Most of the attention at the Cannes Film Festival goes to the winner of the annual Palme d’Or, usually referred to as the top prize at the festival. (This year it went to a French film about Sri Lankan refugees.) But the Un Certain Regard category often has some of the more interesting, oddball films at the festival; it’s designed to reward smaller films, weirder films, usually films from new or new-ish directors rather than the comparatively big-budget films that win the Palme d’Or. This year the winner of Un Certain Regard is of special interest to us, because it’s about farmers.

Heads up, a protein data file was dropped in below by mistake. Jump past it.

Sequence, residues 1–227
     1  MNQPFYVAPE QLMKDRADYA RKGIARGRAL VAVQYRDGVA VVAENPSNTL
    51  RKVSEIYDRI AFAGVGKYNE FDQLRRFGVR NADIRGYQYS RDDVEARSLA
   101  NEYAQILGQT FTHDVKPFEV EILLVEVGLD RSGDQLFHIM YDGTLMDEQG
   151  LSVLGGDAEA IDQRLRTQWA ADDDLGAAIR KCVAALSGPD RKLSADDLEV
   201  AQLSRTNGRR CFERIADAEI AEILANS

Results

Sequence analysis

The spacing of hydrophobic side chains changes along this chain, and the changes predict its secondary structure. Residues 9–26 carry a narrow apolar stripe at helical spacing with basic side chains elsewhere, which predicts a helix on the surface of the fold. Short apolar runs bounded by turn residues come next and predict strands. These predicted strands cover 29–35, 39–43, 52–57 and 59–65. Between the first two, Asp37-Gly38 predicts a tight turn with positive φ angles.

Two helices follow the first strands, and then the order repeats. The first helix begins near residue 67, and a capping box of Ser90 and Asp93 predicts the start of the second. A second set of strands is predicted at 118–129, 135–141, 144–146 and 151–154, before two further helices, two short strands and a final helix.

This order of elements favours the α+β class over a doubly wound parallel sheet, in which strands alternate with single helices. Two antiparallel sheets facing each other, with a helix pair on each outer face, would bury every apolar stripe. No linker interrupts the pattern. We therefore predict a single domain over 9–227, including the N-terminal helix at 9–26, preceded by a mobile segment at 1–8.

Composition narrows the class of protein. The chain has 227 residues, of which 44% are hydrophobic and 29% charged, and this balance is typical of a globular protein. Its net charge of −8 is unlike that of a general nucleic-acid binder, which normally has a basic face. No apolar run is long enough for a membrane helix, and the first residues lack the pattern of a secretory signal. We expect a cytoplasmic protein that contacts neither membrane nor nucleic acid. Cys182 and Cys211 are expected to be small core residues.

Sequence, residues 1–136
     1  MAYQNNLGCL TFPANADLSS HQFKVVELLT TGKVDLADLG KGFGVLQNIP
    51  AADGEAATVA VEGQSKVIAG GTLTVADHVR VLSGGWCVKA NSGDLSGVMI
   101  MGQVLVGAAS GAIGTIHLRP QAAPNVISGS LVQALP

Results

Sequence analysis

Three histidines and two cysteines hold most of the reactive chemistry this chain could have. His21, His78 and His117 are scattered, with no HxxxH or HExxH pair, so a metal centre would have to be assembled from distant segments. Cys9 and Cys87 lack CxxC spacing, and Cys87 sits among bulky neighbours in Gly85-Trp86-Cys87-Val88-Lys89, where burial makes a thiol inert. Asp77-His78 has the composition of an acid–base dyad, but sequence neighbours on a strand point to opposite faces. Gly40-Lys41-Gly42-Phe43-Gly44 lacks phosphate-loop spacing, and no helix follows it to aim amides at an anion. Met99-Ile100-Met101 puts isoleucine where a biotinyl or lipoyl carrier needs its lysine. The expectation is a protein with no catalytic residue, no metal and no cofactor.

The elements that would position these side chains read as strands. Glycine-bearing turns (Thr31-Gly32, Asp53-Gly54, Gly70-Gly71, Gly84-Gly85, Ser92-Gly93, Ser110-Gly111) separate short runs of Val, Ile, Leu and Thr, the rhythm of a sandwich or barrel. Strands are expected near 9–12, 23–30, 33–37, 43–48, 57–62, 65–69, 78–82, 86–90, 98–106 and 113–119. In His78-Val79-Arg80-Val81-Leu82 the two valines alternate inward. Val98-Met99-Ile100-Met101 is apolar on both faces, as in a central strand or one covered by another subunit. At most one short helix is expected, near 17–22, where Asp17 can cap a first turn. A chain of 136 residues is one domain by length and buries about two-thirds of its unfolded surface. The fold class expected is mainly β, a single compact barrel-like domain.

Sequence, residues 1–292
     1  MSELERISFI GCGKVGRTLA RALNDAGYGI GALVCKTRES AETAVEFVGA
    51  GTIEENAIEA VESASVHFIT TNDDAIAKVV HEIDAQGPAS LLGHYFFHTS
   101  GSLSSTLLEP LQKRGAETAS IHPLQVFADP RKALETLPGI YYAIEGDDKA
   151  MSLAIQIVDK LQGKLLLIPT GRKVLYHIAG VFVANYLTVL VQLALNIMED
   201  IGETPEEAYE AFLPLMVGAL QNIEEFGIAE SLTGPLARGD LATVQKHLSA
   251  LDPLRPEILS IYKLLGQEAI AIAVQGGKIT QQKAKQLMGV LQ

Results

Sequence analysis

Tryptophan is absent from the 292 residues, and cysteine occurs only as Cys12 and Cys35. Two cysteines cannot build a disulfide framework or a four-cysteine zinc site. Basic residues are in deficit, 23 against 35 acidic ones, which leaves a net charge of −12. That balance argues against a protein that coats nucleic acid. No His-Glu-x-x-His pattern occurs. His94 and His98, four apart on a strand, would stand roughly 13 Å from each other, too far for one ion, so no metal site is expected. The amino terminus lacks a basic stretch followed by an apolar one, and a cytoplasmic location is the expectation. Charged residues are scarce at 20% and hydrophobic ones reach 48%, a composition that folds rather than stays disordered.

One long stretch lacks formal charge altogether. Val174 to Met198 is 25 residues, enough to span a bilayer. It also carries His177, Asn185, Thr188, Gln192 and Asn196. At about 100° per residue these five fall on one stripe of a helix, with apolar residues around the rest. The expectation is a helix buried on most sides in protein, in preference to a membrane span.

“Rams” (HrÁºtar in Icelandic) is the second feature from Icelandic director GrÁmur HÁ¡konarson. It’s described both as a comedy and a drama by various publications, a story about estranged brothers in a remote Icelandic valley who raise sheep and enter them in competitions.
Their world is thrown into turmoil when an instance of scrapie, a fatal degenerative disease in the same family as mad cow, hits their farm. One brother’s flock is taken away by government agents, and the other seeks his help to avoid the same fate.